Debt Proceedings

Debt recovery proceedings fall into 3 distinct categories:

A. Small Claims Courts cases – In general a small claim is one where the value of the claim is not more than £3,000.

B. County Court Cases – Generally these are debt cases were the amount sought is greater than £3,000 but less than £30,000.

C. High Court Cases – these are cases were the value of the claim is more than £30,000.

1. How do I decide if I should issue a Debt claim?

The first thing you must do is to decide if issuing a claim is the best way for you to proceed. There are a number of points you should consider.

If you are successful in your claim will you be able to recover the money?

This is perhaps the most important question you should ask before deciding to proceed with a claim. Even if you succeed in your claim, if the respondent has no money to pay the amount of the claim you may not get your money.

The court does not pay the amount that is awarded; it only decides who is liable.

Before you begin any claim you should know that there are a number of searches that can be carried out by us for a small fee. These will show whether the respondent already owes any money to other people or is in financial difficulties. You can then use this information to help you decide whether or not to issue your claim. The Enforcement of Judgments Office (EJO) search is particularly useful in this context. The EJO is part of the Northern Ireland Courts and Tribunals Service. This search will reveal if there are any other creditors actively pursuing the debtor and the amount of any related debts or judgments.

If the claim is against a company it is possible to apply for a Company Search to be carried out. This should tell you if the company is still trading, what their balance sheet assets are and if there are any pending applications in relation to the company’s status.

A bankruptcy search can also be carried out prior to the issue of proceedings. This will reveal if there are any pending applications to bankrupt the debtor.

Can I settle the claim with the respondent directly ?

We can try to settle your claim directly with the respondent by writing to them outlining your claim. If we do not receive a reply, or if the reply we get is not satisfactory, we advise the debtor that you intend to start legal proceedings. If you still do not receive a satisfactory response, we will discuss with you the possibility of bringing proceedings. Correspondence from a solicitor can sometimes be enough to encourage a reluctant debtor to discharge his or her liabilities.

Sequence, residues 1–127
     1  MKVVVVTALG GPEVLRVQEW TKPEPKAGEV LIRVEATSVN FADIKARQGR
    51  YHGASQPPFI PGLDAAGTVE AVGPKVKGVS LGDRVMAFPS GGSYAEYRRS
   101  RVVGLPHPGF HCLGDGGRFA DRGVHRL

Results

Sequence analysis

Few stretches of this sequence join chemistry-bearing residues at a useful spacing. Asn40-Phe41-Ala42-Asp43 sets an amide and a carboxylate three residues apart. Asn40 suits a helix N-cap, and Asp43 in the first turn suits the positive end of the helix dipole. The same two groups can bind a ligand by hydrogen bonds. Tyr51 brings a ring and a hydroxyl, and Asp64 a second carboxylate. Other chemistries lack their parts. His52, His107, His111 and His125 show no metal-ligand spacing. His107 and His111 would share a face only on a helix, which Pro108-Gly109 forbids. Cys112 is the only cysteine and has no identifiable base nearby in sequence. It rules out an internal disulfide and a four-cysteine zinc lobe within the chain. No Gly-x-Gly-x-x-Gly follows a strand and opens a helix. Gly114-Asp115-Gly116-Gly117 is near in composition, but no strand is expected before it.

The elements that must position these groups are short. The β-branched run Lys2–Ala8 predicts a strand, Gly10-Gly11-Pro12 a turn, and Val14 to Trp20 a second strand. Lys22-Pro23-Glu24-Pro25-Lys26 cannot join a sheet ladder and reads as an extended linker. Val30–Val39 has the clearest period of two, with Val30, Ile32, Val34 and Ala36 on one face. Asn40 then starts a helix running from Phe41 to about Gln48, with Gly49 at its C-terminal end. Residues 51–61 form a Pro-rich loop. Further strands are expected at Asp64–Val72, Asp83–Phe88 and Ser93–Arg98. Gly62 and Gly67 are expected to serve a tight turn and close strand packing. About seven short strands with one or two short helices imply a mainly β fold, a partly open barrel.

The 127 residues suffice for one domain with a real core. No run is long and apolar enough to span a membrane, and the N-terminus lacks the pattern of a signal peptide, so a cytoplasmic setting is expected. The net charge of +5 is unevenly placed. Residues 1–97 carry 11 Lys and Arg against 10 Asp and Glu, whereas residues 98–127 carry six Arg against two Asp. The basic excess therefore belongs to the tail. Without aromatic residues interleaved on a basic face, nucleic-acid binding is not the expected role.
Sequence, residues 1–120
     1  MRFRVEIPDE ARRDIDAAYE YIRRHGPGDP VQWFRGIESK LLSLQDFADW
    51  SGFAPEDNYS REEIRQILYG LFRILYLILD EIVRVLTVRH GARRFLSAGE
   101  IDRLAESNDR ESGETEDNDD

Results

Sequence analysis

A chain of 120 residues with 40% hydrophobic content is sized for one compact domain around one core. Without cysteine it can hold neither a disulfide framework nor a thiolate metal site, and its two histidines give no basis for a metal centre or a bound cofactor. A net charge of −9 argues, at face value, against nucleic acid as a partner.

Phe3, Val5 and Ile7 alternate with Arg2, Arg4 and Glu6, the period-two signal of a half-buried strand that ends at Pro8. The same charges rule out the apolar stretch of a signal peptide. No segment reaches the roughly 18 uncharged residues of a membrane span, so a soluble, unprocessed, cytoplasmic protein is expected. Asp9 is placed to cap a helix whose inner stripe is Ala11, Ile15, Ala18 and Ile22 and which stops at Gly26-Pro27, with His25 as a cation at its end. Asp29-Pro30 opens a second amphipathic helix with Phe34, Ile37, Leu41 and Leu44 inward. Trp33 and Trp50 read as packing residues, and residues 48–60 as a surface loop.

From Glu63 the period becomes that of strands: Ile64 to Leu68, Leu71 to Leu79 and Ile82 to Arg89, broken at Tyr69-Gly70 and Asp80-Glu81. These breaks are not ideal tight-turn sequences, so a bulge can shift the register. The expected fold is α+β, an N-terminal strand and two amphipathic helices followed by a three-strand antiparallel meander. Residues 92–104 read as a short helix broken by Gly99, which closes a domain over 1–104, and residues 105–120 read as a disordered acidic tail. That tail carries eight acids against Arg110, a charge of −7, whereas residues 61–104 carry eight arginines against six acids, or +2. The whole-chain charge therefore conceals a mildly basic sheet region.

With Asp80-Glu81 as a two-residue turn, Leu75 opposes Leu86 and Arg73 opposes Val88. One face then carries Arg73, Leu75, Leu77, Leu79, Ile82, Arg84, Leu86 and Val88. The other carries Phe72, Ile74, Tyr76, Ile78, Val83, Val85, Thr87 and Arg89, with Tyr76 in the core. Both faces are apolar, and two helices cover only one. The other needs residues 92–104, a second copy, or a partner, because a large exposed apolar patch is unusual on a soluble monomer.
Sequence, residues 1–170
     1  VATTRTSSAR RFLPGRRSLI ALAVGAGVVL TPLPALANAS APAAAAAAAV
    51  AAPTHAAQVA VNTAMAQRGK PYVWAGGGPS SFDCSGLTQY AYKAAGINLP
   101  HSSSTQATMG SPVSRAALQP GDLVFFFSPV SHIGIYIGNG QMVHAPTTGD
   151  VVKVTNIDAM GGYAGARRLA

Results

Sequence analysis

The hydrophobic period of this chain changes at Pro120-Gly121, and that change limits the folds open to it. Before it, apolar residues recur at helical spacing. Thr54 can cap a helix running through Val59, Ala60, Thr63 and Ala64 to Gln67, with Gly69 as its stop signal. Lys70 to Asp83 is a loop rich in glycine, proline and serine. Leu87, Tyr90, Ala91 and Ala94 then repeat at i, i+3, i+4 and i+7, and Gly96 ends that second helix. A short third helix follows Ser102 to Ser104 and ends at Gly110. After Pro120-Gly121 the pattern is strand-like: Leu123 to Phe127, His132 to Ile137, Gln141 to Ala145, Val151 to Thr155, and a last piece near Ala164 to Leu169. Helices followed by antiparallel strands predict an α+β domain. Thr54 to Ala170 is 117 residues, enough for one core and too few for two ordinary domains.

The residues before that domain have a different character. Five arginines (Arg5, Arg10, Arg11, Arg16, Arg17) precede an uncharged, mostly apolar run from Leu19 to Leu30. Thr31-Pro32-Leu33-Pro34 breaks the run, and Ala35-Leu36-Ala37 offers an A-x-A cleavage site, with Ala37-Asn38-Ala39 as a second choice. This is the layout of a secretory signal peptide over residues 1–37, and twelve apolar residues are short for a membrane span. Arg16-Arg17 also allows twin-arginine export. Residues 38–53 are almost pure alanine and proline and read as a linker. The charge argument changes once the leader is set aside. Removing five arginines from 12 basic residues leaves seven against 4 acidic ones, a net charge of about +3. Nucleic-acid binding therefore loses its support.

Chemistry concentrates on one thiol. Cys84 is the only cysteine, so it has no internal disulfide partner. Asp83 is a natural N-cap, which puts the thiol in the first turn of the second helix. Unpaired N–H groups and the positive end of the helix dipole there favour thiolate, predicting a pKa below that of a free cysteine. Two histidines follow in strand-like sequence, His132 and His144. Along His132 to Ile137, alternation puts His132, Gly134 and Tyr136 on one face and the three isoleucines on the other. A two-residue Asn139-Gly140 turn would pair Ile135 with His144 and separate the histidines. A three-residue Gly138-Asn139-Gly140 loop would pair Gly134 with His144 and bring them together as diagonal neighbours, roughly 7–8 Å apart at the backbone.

If you have carried out the above steps and the debtor has still not paid, we can issue the appropriate proceedings for you upon your instructions.

I have been successful, what happens now?

The court will issue a decree for the debt in your favour. Please note: A decree or order made by the small claims court is a CCJ (County Court Judgment) and may affect a respondent’s credit status.

What happens if the respondent does not comply with the order?

The respondent should pay you this amount within a reasonable time. A period of between 14 and 28 days is usually considered acceptable. If they do not, you may proceed via one of 2 routes:
1. Apply to have your decree enforced through the Enforcement of Judgments Office (EJO).
2. Issue a bankruptcy or winding up petition if the amount decreed is more than £750.00


The Enforcement of Judgments Office has the power to make an attachment of earnings order, order the seizure of goods, or register an Order Charging Land against any property owned by the debtor.  However, if the Enforcement of Judgments Office found that the debtor had no significant assets or if they already owe money to a number of other parties a Certificate of Unenforceability may be issued.

Applying to the EJO to enforce a judgment is a two-stage process and has associated fees:
Stage 1 – Notice of Intention to Enforce a Judgment (Form 1) – £20.00
Stage 2 – Application to Enforce a Judgment (Form 3)

The following table represents fees payable on enforcement applications and is effective from September 2007. If the amount of debt falls between two bands, you should go to the next higher band and apply the fee for that amount. (For example debt is £58.60, the debt should be rounded up to £59.00 and the fee payable for that amount is £17.70).
The debt amount is in bold text with the corresponding fee to the immediate right.

Presenting a winding up or bankruptcy petition.

This may be more advantageous if the debtor is keen to preserve his commercial position.  We often find that debtors react positively to the first stage in this process, namely service of a Statutory Demand. The fee for this is approximately £80.00.  If the debtor does not pay the debt owed within 21 days, then you may proceed with bankruptcy.  A deposit to Insolvency Service must be paid and the fee for this varies. A Bankruptcy petition fee of £150.00 is also required.   A Certificate of search costing £20.00 must also be obtained.  If matter proceeds to hearing, Counsel would generally be retained.  Fees for solicitor and Counsel are generally charged on the basis of time spent in pursuing the case.

Please note that at all times we here at John J McNally & Co. endeavour to deal with your case as expeditiously and economically as possible.